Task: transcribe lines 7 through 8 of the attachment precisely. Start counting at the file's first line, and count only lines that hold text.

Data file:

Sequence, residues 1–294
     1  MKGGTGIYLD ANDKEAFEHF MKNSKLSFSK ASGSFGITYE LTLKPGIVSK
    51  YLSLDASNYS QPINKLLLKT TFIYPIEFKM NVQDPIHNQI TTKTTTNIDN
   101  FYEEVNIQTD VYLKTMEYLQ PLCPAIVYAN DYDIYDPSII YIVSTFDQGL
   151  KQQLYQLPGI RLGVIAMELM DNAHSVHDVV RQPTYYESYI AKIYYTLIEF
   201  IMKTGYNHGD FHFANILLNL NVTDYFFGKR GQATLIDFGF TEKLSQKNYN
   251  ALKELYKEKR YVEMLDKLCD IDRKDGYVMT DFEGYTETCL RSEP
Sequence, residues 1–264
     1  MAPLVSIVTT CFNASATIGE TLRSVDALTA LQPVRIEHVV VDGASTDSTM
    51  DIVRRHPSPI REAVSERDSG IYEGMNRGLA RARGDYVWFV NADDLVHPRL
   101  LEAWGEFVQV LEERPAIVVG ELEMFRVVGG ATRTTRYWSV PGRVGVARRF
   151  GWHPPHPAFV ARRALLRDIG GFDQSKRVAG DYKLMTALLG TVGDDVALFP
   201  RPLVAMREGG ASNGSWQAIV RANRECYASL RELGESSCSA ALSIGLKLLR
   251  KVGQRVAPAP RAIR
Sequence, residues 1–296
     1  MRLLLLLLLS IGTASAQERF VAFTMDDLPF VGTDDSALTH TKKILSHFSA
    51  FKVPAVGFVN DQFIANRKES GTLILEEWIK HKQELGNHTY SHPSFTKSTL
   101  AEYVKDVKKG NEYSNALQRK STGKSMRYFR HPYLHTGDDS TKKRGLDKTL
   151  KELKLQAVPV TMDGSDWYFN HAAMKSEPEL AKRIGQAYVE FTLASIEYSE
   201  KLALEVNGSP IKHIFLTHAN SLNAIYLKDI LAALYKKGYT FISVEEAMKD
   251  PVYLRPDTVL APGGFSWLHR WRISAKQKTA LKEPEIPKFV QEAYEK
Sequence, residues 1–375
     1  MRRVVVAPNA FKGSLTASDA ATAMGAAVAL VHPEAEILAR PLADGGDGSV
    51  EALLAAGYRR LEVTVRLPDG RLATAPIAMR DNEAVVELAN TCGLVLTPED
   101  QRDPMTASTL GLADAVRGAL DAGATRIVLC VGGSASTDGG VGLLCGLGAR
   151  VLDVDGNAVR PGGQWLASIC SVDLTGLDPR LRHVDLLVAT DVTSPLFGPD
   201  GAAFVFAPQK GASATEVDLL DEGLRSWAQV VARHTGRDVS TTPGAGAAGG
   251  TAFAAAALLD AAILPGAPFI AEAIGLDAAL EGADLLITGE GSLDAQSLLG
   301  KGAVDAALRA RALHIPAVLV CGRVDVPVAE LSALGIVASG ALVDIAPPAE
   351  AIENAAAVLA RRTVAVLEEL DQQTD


   251  ALKELYKEKR YVEMLDKLCD IDRKDGYVMT DFEGYTETCL RSEP
Sequence, residues 1–264